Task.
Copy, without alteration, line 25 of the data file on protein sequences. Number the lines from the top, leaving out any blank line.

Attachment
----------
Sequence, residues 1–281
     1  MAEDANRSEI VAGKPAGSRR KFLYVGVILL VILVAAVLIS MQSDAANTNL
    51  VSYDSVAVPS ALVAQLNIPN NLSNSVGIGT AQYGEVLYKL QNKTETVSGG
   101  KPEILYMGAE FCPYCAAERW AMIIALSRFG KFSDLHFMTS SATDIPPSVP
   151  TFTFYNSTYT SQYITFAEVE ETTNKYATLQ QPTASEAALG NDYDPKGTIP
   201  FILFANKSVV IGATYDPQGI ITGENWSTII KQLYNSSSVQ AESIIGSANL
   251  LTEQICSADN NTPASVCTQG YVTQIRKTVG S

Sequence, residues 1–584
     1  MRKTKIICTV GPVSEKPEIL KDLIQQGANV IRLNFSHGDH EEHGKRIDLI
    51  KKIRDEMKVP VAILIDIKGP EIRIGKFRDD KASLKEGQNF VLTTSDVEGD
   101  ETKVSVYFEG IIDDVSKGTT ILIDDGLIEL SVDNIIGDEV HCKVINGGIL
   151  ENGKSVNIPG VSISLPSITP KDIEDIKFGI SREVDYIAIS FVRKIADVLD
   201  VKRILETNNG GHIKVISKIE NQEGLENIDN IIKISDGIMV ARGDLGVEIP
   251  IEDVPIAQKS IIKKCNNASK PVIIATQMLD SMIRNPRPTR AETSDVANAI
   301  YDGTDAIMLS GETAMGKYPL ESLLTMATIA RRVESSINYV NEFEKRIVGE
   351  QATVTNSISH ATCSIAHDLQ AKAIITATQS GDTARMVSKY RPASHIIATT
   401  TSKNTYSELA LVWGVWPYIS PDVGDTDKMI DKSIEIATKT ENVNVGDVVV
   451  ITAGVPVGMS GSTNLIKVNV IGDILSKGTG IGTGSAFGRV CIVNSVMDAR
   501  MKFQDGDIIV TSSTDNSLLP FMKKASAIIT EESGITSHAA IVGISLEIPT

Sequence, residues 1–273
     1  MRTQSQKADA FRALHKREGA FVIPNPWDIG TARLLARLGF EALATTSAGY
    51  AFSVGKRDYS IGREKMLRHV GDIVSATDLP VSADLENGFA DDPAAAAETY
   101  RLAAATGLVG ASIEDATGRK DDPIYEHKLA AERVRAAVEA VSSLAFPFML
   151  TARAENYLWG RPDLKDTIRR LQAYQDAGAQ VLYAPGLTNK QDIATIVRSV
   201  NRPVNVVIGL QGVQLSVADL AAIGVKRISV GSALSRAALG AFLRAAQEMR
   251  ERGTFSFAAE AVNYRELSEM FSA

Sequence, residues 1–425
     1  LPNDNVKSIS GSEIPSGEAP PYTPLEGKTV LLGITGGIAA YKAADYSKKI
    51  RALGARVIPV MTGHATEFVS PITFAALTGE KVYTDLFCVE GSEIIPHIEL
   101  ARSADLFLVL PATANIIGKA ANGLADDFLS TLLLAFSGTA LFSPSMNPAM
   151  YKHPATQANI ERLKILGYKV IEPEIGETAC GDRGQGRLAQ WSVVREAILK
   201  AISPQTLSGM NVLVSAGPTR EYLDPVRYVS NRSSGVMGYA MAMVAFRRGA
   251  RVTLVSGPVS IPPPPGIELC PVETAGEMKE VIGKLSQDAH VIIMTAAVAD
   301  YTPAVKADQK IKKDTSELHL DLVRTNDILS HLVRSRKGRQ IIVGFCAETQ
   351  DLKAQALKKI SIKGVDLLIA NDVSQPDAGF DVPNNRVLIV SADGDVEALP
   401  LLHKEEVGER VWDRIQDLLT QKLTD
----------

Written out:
   201  NRPVNVVIGL QGVQLSVADL AAIGVKRISV GSALSRAALG AFLRAAQEMR